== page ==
John tries his best. I know that. He doesn't really want to be naughty.
It's just that he doesn't always know what to do. Sometimes this gets him into scrapes in school. He's always sorry afterwards, and always knows he has made a mistake. But he can't seem to stop himself saying or doing the wrong thing.
His whole life is a struggle - a battle against his circumstances. For, even at 12, he knows his way of life cannot be sustained.
When his parents arrive at school to discuss his latest difficulty, we are reminded why. They are dirty and toothless. They are mocked mercilessly by the local community because of their slowness and inadequacy. They are in their early thirties but look like 50-year-old crones. They drag through the door with them John's younger brothers and sisters, who crawl all over the room, spilling the contents of their overfilled nappies on the floor.
The children dismantle the telephone. They scream and shout all through the interview. This is part of the deal. If you want to speak to his parents, this is what happens. And this is what John has to face when he goes home at the end of every day.
And you stop and think when you see all this, and you begin to realise that no matter how often he is in trouble, what John does manage to achieve is remarkable, for his home life has no shape, certainty or pattern.
John's parents are clearly out of their depth. They love their son and want him to do well. He is not beaten or disciplined. But he is abused because he experiences low standards of care from parents who themselves have special needs. John is malnourished, of that there can be no doubt. Sunday dinner is pizza and chips. His teeth are yellow, his pockets full of sweets.
He craves attention in a desperate kind of way, and at times becomes almost catatonic, refusing to speak and curling himself into a ball, trying, it seems, to cut himself off from the world. Social workers are involved with the family, but they can do little to change its direction and shape.
This is the biggest influence on his life. He does want to get out of these circumstances. He knows that what is happening to him isn't right or normal.
He thrives on attention and loves being read to; he will sit listening to me in class for hours. But, like a magpie, he is attracted by shiny pencils and new things. This is stuff he likes but knows he can't have. So it always seems to find a way into his pocket. This makes him unpopular with his class.
He can be awkward. He can be disruptive. His writing is messy, largely unstructured, representing an outpouring of ideas from a frustrated mind.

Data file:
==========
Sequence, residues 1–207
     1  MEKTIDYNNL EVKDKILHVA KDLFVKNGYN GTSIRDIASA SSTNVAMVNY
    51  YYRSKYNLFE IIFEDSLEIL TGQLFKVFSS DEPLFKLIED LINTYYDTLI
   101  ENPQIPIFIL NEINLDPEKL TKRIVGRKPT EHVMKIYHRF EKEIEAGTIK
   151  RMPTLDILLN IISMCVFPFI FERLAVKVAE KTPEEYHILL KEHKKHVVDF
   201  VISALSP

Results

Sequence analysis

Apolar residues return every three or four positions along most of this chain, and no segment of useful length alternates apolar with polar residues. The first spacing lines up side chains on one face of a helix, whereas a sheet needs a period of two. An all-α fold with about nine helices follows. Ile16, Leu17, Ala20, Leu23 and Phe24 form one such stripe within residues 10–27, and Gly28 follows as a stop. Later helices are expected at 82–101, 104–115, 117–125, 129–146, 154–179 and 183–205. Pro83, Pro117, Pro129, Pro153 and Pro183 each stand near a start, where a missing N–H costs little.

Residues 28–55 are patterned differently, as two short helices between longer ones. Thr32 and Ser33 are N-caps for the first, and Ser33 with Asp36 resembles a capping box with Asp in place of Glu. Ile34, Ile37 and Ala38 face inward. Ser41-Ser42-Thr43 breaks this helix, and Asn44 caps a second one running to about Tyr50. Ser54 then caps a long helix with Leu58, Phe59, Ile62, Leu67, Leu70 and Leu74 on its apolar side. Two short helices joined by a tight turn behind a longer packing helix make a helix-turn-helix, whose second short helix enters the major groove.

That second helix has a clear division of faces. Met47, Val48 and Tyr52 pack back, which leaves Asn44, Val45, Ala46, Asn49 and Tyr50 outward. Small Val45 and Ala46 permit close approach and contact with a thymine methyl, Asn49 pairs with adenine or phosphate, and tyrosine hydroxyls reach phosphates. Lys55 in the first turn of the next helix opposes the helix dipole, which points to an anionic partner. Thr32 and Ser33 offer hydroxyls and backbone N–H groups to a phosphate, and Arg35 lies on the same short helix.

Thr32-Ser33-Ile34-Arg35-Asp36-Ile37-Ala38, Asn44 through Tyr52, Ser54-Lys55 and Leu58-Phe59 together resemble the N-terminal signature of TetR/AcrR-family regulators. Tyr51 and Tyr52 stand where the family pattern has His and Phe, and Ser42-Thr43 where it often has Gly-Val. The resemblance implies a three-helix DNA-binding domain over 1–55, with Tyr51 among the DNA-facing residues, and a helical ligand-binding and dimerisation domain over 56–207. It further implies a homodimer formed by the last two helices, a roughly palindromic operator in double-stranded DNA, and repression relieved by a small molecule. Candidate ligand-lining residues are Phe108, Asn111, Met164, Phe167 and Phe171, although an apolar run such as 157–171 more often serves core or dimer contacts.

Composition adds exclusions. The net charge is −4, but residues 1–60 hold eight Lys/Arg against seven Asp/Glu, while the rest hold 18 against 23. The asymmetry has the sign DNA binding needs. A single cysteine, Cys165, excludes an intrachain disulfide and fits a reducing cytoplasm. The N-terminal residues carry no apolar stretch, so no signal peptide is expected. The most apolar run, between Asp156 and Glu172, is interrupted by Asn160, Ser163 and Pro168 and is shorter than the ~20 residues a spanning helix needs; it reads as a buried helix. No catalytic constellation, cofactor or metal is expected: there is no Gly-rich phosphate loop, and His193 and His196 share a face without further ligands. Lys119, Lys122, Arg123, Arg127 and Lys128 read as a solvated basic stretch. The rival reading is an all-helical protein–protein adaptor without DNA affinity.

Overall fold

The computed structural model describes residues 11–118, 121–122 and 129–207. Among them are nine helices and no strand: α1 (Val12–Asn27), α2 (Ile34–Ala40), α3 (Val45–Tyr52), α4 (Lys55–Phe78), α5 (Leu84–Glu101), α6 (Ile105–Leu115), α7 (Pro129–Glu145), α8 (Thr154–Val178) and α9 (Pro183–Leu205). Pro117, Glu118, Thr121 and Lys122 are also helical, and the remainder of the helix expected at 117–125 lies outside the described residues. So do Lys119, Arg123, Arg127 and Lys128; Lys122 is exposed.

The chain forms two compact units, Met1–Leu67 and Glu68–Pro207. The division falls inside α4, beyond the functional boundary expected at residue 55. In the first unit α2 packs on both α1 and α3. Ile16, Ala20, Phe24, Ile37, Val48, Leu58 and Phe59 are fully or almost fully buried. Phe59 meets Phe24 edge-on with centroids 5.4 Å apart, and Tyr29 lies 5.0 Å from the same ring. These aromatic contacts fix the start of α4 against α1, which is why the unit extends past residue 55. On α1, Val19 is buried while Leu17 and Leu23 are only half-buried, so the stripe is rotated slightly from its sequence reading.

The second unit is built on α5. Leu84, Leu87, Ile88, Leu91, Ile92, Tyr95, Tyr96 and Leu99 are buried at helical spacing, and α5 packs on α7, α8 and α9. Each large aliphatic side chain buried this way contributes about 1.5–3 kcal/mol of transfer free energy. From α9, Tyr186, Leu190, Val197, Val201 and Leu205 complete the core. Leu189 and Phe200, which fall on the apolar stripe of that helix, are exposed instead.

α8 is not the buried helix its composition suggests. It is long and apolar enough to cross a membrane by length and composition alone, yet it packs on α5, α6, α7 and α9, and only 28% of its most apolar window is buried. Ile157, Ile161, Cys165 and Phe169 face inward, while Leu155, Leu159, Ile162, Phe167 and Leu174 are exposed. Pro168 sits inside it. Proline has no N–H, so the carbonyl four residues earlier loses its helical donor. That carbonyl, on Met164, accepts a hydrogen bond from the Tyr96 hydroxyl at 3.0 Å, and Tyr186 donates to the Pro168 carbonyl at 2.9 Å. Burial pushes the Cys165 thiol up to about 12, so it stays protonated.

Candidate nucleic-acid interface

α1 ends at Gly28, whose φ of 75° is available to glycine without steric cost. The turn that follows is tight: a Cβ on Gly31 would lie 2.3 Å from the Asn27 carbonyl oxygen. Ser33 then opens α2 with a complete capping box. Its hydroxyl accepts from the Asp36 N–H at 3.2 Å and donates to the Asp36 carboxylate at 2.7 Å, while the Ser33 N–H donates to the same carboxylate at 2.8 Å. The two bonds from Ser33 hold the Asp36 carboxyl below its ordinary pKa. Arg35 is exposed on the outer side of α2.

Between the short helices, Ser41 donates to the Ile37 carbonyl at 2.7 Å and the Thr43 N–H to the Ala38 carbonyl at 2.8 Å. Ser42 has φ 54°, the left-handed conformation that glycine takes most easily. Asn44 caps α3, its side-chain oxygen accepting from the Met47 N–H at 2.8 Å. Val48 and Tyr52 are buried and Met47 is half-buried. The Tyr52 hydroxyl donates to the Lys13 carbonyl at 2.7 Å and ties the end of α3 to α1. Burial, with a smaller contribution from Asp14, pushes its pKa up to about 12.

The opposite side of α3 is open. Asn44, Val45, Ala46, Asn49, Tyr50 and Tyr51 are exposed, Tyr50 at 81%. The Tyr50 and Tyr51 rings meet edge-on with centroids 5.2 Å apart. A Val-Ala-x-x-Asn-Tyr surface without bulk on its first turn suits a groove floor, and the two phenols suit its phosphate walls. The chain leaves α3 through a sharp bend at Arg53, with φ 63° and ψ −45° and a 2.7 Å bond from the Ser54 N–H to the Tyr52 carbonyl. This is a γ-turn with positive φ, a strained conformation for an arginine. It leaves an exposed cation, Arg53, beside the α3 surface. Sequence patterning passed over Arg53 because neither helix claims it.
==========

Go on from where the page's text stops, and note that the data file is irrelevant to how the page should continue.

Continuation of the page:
His whole problem for me is that he has no one on whom he can model himself. He needs a template, but there isn't one at home. He is like a boy lost in Derby trying to find his way with a street map of Bristol. His experience has no shape, no pattern, no boundaries.
Of course, he is not alone. There are children everywhere who are trapped by the past that made them. They face a future for which they are not suited. They never find a motivation to achieve, internal or external, because they have been cheated by their circumstances.
Progress. Achievement. These are alien concepts. It is home that shapes them. School can offer much - sometimes an escape, a route away. But not always. School cannot be expected to change the home.
Look at Lorraine. She is, in school at least, a quiet creature. But she is wilful and difficult and often refuses to come. Her parents have therefore implemented an incentive programme. I suppose you can say it has worked in its own way, but now she will come to school only if her mother continues to give her cigarettes. So she does. Lorraine is 11.
Christine had the brightest, most incisive mind I have encountered in 30 years of teaching. She should have gone on to university. She had the potential to become a significant someone. But her home was shocking. Her parents were unable either to recognise this or to do anything about it.
And from the chaos of her home she has been reduced to selling the evening paper on street corners, her potential stifled.
Of course, some children escape from inadequate homes. But many do not. The lost boys. The lost girls. These are not isolated cases. All teachers can tell these stories. In our schools, we can see their faces, their futures fixed. It is their destiny to form the underclass. I know this and I am powerless to stop it.
Geoff Brookes is deputy head of Cefn Hengoed school, Swansea. All names have been changed